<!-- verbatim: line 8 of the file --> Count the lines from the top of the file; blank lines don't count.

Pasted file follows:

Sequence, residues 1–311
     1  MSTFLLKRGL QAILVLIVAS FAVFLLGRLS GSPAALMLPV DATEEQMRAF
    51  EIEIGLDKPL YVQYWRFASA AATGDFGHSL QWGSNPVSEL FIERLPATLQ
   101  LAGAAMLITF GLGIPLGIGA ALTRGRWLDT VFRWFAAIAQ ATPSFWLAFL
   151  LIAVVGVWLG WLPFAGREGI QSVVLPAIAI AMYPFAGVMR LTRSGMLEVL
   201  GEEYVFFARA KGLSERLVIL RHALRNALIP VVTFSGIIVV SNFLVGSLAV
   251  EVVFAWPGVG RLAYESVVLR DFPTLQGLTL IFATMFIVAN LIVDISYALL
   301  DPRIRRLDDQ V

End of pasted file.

   301  DPRIRRLDDQ V